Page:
Paris, November 2001

Day One:  Thursday 11/15/01

Arrived at Charles De Gaulle airport at around 6:30am.

After collecting our luggage, we discovered that we could not get the pay phone to work in order to call our car service. A very nice man at the service desk helped us stumble through enough conversation to get our story out, and he made the call for us. The van was waiting outside.

We were the last couple in the van to be dropped off at our hotel, so we got to see quite a bit of Paris during the ride. Even in our sleep-deprived state, we were in awe of the beauty of the city.

Although exhausted, we decided after checking in at the Residence Monceau Etoile, that we should try to get a feel for our surroundings.

Courtyard view from our hotel room door.
Looking back from the other direction.

We walked around our neighborhood and discovered to our delight that most of the block was an open air market. Soon we got a bite to eat at a nearby bakery, of which there were many. We walked on after our snack, just window shopping and soaking up the atmosphere.

Later, we returned to the room for showers in order to energize ourselves a bit, so that we could hopefully stay awake until a reasonable bedtime hour.

Mainly to figure out how to do it, we decided to ride the metro to somewhere. We decided that the Eiffel Tower seemed like a good goal, so we rode to Trocadero and gazed at the Tower for an hour or so. Unfortunately, we neglected to take the camera along. The weather was perfect and the view was spectacular. We waited our entire trip for another similar opportunity to photograph the Tower, but it never came.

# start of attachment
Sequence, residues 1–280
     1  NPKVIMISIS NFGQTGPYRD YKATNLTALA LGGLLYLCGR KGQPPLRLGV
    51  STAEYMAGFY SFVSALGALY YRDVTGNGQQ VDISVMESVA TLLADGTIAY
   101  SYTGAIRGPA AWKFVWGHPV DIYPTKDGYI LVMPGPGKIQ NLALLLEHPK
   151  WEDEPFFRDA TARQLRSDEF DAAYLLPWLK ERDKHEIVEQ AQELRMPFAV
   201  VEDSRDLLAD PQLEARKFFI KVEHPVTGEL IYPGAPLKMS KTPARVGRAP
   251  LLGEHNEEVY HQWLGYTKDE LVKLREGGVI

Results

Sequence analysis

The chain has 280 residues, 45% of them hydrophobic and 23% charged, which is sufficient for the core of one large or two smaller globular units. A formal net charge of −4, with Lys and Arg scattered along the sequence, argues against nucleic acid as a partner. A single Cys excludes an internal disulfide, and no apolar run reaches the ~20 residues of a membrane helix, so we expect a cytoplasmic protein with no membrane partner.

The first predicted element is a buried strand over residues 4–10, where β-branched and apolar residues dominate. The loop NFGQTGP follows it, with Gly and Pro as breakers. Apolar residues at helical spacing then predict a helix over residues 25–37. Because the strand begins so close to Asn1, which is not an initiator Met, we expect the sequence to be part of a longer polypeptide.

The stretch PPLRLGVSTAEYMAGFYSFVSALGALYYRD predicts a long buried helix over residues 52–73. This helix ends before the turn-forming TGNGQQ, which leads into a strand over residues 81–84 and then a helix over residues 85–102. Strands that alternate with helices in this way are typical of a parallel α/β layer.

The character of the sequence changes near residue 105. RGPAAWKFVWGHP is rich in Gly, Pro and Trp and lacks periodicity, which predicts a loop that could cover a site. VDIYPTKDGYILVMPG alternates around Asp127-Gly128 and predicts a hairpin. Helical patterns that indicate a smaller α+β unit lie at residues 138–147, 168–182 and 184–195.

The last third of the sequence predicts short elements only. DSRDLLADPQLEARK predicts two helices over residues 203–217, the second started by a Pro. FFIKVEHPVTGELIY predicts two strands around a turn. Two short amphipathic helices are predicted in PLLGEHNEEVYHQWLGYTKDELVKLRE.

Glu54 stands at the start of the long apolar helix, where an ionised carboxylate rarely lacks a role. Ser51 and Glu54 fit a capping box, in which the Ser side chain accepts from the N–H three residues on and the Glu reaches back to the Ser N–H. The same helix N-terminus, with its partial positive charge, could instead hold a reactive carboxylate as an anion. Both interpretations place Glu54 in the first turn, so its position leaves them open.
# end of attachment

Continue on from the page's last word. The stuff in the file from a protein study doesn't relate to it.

By late afternoon, we were beginning to crash. On our way back to the hotel, we stopped in a restaurant near our metro station and had our first dinner in Paris (at around 4:30pm, a time which caused people walking past the restaurant window to look at our plates in astonishment). Our waitress was incredibly nice, and seemed to really enjoy helping us with the menu and joking around with us in English. We had heard, as everyone has, that the French are particularly reluctant to deal with Americans and to speak English, but that certainly was not the case with her (or with anyone else we encountered on our trip).

We each had salmon with green beans and rice, all of which was smothered in a burre blanc sauce. We shared a 1/2 carafe of wine, and finished with coffee. It was a delicious end to an exciting day, albeit only about 5:30pm.

At this point we had been awake for over 30 hours. We returned to the hotel, were in bed by 6:00, and asleep by 6:01.


Day Two: Friday 11/16/01